5. Xdry kiln including adrying chamher, a mixing chamber located above the drying chamberand communicating there- '.'with so as to receive heated air and moisture therefrom, separate ducts connecting the mixing chamber with the outside atmosphere and with the drying chamber, means fbr heating the air entering the drying chamber, a suction chamber also located above the dr ing chamber and connected therewith, and a chimney, or stack communicating'with the suctionchamber. ,1 6, A dry kiln including a. drying cham beria mix ng chamber located at the top ofmeans for connecting the mixing.

the kiln, chamber with the outside'atmosphere, ducts located at the bottom of the drying cham.- her and having outlets communicating therewith, 'm'eansjfoi: connectin the ducts at the bottom of the drying cham r with the mixing chamber', meanscontained within the M gfor introducing a portion of the,heatcd moist aii'of the drying chamber into the chamber-to cause the same to com,- mingle "with thecold air before the latter is introduced into the drying chamber, and

heating. means located within the drying chamber and arranged in the path ofthe air entering the same; N

7. A kiln"includ irfg a drying chamber, a mixing chamber-located atthe top of the kiln, means fo'r connecting the mixing chamber with the outside atmosphere, ducts located at the bottom of 'the drying chamber and having outletsco nmunicating therewith, means for connecting the ducts at the bottom of the drying chamber with the mixing chamber, means contained within the kiln for introducing a portion of the heated moist air of the drying chamber into the mixing chamber to cause the same to conr mingle with-the cold air before the latter is introduced into the drying chamber, healing means located within the drying chaur her and agrangcd in the path of the air ontering the same, and deflectors locatcdaborc the heating means for directing the air upon the material to be dried.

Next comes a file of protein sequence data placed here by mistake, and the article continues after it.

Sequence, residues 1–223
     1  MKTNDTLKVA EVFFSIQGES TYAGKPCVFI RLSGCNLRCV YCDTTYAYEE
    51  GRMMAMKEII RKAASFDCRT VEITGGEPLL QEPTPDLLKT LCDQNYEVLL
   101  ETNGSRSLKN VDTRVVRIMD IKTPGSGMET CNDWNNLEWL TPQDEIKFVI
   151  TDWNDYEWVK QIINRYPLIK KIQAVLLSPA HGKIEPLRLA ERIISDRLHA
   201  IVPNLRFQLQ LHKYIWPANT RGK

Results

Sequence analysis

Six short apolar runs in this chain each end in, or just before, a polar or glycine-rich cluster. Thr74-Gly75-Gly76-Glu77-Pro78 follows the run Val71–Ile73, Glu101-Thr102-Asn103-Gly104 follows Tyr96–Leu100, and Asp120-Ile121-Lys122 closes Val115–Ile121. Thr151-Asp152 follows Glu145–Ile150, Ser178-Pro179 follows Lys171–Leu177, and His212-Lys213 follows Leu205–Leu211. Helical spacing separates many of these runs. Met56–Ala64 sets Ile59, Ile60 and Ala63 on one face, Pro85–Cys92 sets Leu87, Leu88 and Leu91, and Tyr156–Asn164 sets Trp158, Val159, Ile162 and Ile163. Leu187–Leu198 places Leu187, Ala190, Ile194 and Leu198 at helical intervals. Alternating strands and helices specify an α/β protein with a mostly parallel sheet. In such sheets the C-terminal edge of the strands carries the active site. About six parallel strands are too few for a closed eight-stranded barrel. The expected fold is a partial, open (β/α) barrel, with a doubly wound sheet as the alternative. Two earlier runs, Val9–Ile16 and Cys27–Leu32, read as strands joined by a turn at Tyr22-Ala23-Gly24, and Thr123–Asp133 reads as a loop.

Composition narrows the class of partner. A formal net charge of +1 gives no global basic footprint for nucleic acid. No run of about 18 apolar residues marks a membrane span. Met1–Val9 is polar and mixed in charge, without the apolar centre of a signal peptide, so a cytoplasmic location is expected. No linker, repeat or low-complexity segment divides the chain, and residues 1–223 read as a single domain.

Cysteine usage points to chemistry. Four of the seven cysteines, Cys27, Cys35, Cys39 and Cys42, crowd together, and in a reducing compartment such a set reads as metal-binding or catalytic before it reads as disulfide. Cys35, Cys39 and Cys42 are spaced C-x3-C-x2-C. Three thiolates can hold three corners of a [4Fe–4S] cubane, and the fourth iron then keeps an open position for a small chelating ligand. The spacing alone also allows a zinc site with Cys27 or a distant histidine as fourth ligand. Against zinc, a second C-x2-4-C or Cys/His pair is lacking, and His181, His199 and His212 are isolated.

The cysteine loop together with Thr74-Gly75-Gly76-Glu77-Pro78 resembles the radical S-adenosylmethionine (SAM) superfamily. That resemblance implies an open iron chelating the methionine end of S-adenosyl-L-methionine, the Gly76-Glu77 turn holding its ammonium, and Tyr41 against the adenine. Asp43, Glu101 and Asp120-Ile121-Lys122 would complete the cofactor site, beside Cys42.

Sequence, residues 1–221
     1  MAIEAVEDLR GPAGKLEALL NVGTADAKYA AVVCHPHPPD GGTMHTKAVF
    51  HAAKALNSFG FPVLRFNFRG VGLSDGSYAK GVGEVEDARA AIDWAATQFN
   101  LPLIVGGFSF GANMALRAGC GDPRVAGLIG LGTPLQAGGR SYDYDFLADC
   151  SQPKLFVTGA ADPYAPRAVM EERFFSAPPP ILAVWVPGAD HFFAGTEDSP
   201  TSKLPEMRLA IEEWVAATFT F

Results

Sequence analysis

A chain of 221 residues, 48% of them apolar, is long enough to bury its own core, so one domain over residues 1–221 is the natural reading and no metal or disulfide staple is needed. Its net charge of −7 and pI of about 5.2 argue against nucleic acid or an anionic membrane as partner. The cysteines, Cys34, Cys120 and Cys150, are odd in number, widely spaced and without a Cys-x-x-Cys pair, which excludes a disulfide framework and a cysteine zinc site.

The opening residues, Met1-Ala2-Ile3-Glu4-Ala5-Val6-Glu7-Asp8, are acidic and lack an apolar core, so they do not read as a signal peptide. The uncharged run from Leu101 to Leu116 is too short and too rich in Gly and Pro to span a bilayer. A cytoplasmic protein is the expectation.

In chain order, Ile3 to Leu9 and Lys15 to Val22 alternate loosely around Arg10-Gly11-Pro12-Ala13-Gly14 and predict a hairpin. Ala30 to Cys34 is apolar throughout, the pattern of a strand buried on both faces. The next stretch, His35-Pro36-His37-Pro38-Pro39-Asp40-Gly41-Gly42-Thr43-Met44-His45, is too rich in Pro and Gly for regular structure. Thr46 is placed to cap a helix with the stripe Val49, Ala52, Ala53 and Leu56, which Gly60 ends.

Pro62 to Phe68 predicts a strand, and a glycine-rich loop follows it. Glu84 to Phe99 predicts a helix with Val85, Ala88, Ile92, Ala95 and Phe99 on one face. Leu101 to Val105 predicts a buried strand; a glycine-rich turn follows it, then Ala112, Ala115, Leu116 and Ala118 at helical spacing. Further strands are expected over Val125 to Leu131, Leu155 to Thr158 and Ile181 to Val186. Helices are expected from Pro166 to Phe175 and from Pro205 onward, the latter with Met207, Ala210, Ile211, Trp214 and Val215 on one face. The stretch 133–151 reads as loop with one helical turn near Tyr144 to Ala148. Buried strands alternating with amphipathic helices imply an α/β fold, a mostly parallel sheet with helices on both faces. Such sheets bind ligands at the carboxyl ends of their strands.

8. Adry kiln including a drying chamber, a mixing chaaiiber communicating witlr the drying chamber and adapted to receive. heated air and-moisture from the same, means for connecting the mixing chamber with the qutside atmosphere, ducts arranged at thc bottomof the drying chamber and having outlet openings for discharging air into the same, means for connecting the bottom duets with the mixing chamber, heating means located within the drying chamber in the path of the air entering the same, side deflectors located at opposite sides of the drying chamber and having upwardly and inwardly inclined faces, and a deflector located between the side deflectors and having upwardly diverging side faces.

9. A dry kiln including a drying chamber,

a mixing chamber cormnunicating with the drying chamber and adapted to receive 'heated'air and moisture from the same, means for connecting the mixing chamber with the outside atmosphere,ducts arranged at the bottom of the drying chamber and having outlet openings for discharging air into the same, means for connecting the bottom ducts with the mixing chamber, heating means located Within the drying chamber in the path of the air entering the same, tracks 'l'ocated above the heating means, anddeheated air toward the material.